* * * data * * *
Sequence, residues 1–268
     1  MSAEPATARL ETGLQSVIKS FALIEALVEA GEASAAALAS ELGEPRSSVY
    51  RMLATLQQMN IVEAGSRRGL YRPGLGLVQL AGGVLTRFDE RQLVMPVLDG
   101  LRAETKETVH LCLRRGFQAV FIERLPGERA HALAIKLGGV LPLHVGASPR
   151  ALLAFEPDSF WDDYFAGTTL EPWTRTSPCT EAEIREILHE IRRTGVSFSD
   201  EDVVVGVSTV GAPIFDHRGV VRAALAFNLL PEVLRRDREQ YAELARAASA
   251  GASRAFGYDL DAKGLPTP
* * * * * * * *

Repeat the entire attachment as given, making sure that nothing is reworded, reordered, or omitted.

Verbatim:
Sequence, residues 1–268
     1  MSAEPATARL ETGLQSVIKS FALIEALVEA GEASAAALAS ELGEPRSSVY
    51  RMLATLQQMN IVEAGSRRGL YRPGLGLVQL AGGVLTRFDE RQLVMPVLDG
   101  LRAETKETVH LCLRRGFQAV FIERLPGERA HALAIKLGGV LPLHVGASPR
   151  ALLAFEPDSF WDDYFAGTTL EPWTRTSPCT EAEIREILHE IRRTGVSFSD
   201  EDVVVGVSTV GAPIFDHRGV VRAALAFNLL PEVLRRDREQ YAELARAASA
   251  GASRAFGYDL DAKGLPTP